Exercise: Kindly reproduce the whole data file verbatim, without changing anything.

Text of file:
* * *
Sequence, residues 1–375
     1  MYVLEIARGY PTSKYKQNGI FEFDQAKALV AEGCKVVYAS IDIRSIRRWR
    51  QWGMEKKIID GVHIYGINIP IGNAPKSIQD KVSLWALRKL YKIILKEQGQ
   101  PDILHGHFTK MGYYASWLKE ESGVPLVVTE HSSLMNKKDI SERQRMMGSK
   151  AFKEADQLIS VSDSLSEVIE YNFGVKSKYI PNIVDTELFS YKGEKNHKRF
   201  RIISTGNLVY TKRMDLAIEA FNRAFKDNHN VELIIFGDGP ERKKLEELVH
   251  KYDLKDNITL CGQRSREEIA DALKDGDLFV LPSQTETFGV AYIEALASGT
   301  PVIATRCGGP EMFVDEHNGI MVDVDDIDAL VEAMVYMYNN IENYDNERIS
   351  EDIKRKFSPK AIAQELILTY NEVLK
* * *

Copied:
Sequence, residues 1–375
     1  MYVLEIARGY PTSKYKQNGI FEFDQAKALV AEGCKVVYAS IDIRSIRRWR
    51  QWGMEKKIID GVHIYGINIP IGNAPKSIQD KVSLWALRKL YKIILKEQGQ
   101  PDILHGHFTK MGYYASWLKE ESGVPLVVTE HSSLMNKKDI SERQRMMGSK
   151  AFKEADQLIS VSDSLSEVIE YNFGVKSKYI PNIVDTELFS YKGEKNHKRF
   201  RIISTGNLVY TKRMDLAIEA FNRAFKDNHN VELIIFGDGP ERKKLEELVH
   251  KYDLKDNITL CGQRSREEIA DALKDGDLFV LPSQTETFGV AYIEALASGT
   301  PVIATRCGGP EMFVDEHNGI MVDVDDIDAL VEAMVYMYNN IENYDNERIS
   351  EDIKRKFSPK AIAQELILTY NEVLK